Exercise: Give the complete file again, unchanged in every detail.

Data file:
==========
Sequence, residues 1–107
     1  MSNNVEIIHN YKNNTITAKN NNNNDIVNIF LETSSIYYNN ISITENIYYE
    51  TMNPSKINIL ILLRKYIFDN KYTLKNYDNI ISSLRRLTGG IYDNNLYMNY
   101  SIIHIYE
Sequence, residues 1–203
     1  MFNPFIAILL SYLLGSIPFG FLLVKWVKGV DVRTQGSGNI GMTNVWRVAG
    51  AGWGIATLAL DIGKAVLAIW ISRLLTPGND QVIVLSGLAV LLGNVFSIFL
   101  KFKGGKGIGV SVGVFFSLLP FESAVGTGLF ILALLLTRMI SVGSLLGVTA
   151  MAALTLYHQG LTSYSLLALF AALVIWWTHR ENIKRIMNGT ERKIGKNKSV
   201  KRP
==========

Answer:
Sequence, residues 1–107
     1  MSNNVEIIHN YKNNTITAKN NNNNDIVNIF LETSSIYYNN ISITENIYYE
    51  TMNPSKINIL ILLRKYIFDN KYTLKNYDNI ISSLRRLTGG IYDNNLYMNY
   101  SIIHIYE
Sequence, residues 1–203
     1  MFNPFIAILL SYLLGSIPFG FLLVKWVKGV DVRTQGSGNI GMTNVWRVAG
    51  AGWGIATLAL DIGKAVLAIW ISRLLTPGND QVIVLSGLAV LLGNVFSIFL
   101  KFKGGKGIGV SVGVFFSLLP FESAVGTGLF ILALLLTRMI SVGSLLGVTA
   151  MAALTLYHQG LTSYSLLALF AALVIWWTHR ENIKRIMNGT ERKIGKNKSV
   201  KRP